Inclusive Assessment: The Soft Bigotry of Low Expectations Revisited

On April 11, The Telegraph was one of several British Sunday editions to report on the adoption of so-called “inclusive assessments” by some British universities. The University of Hull, a public university responsible for the education of over 15,000 students, was featured prominently in these reports. Hull’s website describes its initiative on a web page titled “Introducing the University of Hull’s Inclusive Assessment, Marking and Feedback Policy.” It will come as no surprise in 2021 to find tenets of Critical Race Theory embedded in the initiative. Thus, we find the following declaration:

Constructing an academic voice means adopting a homogenous North European, white, male, elite mode of expression dependent on a high level of technical proficiency in written and spoken English, a mode of expression that obscures the students’ particularity [sic].

The mandate is positioned as one element of the university’s “Assertive Commitment to Decolonising Curricula.” The web page provides a depressing display of educationist bureaucratese devoted to overturning long-standing standards and practices that are deemed to be too “white” and too “elitist.” Although the web page also enumerates five common-sense “best practices” (as in the banal observation that “assessment allows students to demonstrate they have achieved [course] outcomes/competencies”), these unexceptionable remarks should not distract anyone from the initiative’s radical intentions.

The marching orders are accompanied by hyperlinked material intended to help the Hull professoriate execute the initiative. These include a video mashup of Critical Race Theory buzzwords and therapy-speak. While the video script is read off by a faculty member, one does wonder to what degree these changes are driven by the administration and to what degree they are faculty-led. One finds Dr. Elizabeth Ward, lecturer in German, writing to champion the cause. Ward shows some aptitude for PR phrase-making, characterizing the initiative as “maintaining standards by challenging norms” and perorating with the phrase “difference belongs to diversity, and not to disadvantage.” Elsewhere, one finds a twenty-two-page single-spaced “University Code of Practice Assessment Procedures,” a testament to bureaucratic tedium if ever there was one, but out of the tedium emerges the radical demand for linguistic laissez-faire.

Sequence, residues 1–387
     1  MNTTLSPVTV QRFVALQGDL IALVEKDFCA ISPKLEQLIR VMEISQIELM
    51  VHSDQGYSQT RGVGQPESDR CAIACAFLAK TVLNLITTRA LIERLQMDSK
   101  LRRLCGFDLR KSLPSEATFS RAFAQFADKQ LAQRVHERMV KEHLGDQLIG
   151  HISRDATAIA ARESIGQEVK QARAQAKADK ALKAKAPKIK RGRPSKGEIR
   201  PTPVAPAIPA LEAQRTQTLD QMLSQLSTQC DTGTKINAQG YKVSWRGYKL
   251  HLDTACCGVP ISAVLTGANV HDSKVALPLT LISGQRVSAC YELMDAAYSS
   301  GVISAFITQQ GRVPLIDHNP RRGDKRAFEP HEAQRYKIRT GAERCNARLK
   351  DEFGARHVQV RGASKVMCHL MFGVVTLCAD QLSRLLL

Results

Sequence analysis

Professors are charged not to take the quality of student writing into account when assigning grades in courses where writing is not the central focus. While this directive makes a certain amount of sense—mastery of knowledge and the ability to apply course content would seem to be the most important elements to assess in any course—it also operates as if there is no relation between clear thoughts and clear presentation of those thoughts. A missing apostrophe in a lab report is one thing. Garbled thoughts and impenetrable grammar are another. The initiative assumes that professors have some special gift that enables them to determine a student’s understanding even when it is badly or inadequately expressed. Professors who teach students whose first language is not English have undoubtedly wished for such a gift, but since such fantasizing is fruitless, encouraging students to improve their English would seem to be a better use of time.